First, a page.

The joint NASA/ESA Solar and Heliospheric Observatory (SOHO), which has been watching the sun since 1996, also spotted the flare, tracking a CME that was generated shortly after. Seen here by SOHO's LASCO C2 instrument, that monitors the interplanetary environment surrounding the sun for CMEs and comets, a growing bubble of solar plasma races away from the sun.
Approximately an hour after the flare, the CME grew and continued to barrel into interplanetary space. Space weather forecasters don't expect that this CME will interact with the Earth's atmosphere as it is not Earth-directed. This observation was captured by SOHO's LASCO C3 instrument -- an occulting disk covers the sun to block out any glaring effect. By combining observations by the SDO, SOHO and other solar observatories, the connection between the sun's internal magnetic "dynamo", the solar cycle, flares and CMEs, solar physicists are slowly piecing together what makes our nearest star tick, hopefully solving some of the most persistent mysteries along the way.
Although the sun is our nearest star, we certainly don’t have it all figured out.
Take, for example, that last week or so — the sun’s disk has been mostly sunspot-free and the X-ray output of the sun has plummeted since the beginning of July. This is in stark contrast to all the fireworks in the first few months of 2014.
To make the whole matter even more confusing, the sun should be at its peak activity, but just one look at the various images from solar observatories show a quiescent, blank solar disk, save for one sunspot (as of July 22). What’s going on?
The best answer is: we don’t really know. However, that doesn’t come as a surprise to many solar scientists.
“It is weird, but it’s not super weird,” Tony Phillips, NASA solar physicist and author of SpaceWeather.com, told the LA Times. “To have a spotless day during solar maximum is odd, but then again, this solar maximum we are in has been very wimpy.”
The sun experiences 11-year cycles of activity. At its peak — known as “solar maximum” — the sun becomes a broiling mess of magnetism; huge arcs of magnetized plasma erupt from the surface, creating intense active regions. These regions peel back the hot chromosphere and photosphere (at the base of the sun’s multimillion degree corona), exposing the cooler plasma below. The contrast in temperature creates dark spots across the surface known as sunspots. The active regions are often the triggering points for explosive events like coronal mass ejections and solar flares — events that can impact Earth in subtle and not-so-subtle ways.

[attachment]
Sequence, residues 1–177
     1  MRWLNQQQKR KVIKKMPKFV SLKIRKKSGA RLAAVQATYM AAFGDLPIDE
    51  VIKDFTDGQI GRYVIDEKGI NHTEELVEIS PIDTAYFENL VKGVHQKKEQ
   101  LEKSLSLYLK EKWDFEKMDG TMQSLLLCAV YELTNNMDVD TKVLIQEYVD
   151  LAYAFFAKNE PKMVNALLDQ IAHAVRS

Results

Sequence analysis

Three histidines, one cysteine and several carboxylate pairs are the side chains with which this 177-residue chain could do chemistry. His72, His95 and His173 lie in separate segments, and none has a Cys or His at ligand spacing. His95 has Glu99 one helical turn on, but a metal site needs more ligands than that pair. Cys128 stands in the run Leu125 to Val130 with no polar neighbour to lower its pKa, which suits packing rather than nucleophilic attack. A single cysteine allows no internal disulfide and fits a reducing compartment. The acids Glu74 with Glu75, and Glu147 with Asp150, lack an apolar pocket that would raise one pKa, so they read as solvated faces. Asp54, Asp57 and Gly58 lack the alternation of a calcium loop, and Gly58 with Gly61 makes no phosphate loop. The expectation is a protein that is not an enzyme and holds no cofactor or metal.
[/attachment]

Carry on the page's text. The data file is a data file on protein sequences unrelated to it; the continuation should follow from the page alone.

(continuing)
It is for this reason that solar astronomers count the number of sunspots to gauge how active the sun is. And at present, the sun ain’t that active. In fact, space weather forecasters give a mere 1 percent chance that the sun will kick off a powerful X-class flare any time soon.
If the sun undergoes fairly predictable cycles of activity, why haven’t we figured out why sometimes the sun just seems to run out of steam? According to C. Alex Young, solar physicist at NASA’s Goddard Space Flight Center, Md., it’s not necessarily something strange, we just haven’t been observing the sun for long enough.
“We’ve only been observing the sun in lots of detail in the last 50 years,” Young said. “That’s not that long considering it’s been around for 4.5 billion years.”
So although we know this is the weakest solar cycle on record, we may just be seeing part of a longer-term cycle that we haven’t been able to recognize as we haven’t been taking detailed notes of solar activity for long enough.
“It all underlines that solar physicists really don’t know what the heck is happening on the sun,” added Phillips. “We just don’t know how to predict the sun, that is the take away message of this event.”